In a rare sign of inter-party support for the Prime Minister, delegates at the New South Wales Labor conference gave Julia Gillard a twenty-second round of applause this week, indicating she still has backers in the real engine room of the party. The reception came after Gillard declared she wasn't about to `lie down and die' in the build-up to the next federal election, despite distressing opinion polls and renewed leadership speculation. The length of the applause is expected to only be bettered by the one following her concession speech in the immediate aftermath of the vote. Gillard’s right hand man, Treasurer Wayne Swan, has played down the poll results, insisting that party leadership is about policies, not keeping an eye on the polls. And the man has a point – it’s not like every election is some kind of nation-wide popularity contest.
Caught in the loop
The Labor party kept swinging in all directions this week, with its premeditated spontaneous tirade against the Greens continuing alongside various swipes at the opposition. The coalition has called on the PM to ‘come clean’ on her views on the Greens, because obviously, Labor’s view towards the party has not been made clear enough recently. Swan played a familiar tune, adding the Liberals to his list marked ‘loopy’, and accusing them of turning to the extremely conservative side of politics. It’s a searing allegation from the Treasurer; given the coalition is the only Australian political entity to have taken a significant lurch to the right in recent years.
Oh my science
Those crazy lefties took another blow this week when the might of the Queensland Liberal-National party voted to remove climate change ‘propaganda’ from the state’s schools. The party passed a motion at its annual state conference calling on the state government to remove ‘environmental propaganda material’, in particular ‘post normal’ climate science, from its curriculum. The definition of ‘post normal’ is up in the air, but could possibly be explained as ‘anything we don’t like’. The speaker who moved the motion said that kind of climate material was purely political, leading another member to argue that it was dangerous to dismiss different points of view. He was then reportedly dismissed from the party.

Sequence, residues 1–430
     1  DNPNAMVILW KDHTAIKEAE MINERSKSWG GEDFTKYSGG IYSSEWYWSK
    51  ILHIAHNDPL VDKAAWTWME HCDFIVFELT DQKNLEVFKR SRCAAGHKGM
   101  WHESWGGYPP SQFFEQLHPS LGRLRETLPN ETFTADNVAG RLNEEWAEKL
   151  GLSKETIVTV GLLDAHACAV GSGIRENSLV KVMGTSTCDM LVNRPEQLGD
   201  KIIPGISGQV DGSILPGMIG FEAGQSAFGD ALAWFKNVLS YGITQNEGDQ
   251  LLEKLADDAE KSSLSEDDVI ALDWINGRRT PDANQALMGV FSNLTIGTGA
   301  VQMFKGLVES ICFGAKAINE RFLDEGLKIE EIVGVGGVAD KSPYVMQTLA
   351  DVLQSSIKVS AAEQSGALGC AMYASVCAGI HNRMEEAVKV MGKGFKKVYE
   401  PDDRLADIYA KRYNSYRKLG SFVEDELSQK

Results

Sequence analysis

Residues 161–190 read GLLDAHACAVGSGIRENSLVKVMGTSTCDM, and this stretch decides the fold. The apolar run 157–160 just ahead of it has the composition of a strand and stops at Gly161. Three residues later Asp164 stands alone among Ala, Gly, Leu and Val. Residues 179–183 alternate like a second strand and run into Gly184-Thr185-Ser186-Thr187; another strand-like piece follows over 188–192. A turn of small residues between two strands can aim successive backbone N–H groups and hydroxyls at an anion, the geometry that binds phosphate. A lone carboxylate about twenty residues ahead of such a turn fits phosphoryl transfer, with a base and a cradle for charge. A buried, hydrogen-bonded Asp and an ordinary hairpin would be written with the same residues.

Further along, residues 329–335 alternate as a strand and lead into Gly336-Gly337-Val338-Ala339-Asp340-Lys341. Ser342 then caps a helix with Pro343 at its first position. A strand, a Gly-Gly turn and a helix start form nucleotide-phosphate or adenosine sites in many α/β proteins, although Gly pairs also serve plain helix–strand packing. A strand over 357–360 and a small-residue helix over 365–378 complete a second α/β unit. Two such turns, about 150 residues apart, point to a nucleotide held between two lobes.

– Yahoo has named Marissa Mayer as the group’s fifth chief executive in 12 months. The former Google executive said would begin her role by interviewing her potential replacements.
– Shadow education minister Christopher Pyne told gathered media this week that too many Australians are obsessed with reducing school class sizes. He then left the door stop early, complaining that too many questions were being asked of him all at once.
– Rio Tinto has sealed a deal with Ansaldo STS Australia which will see driverless high-tech trains haul its Western Australian iron ore. The miner allegedly said that as soon as it can figure out how to get robots to build the robots, it can be rid of those money-grubbing employees forever.
– And finally, mining magnate Clive Palmer says he is still undecided as to which seat he wants to stand for in the next federal election. His hesitation is understandable, as the final call on which electorate he will be denied pre-selection for would be a tough one.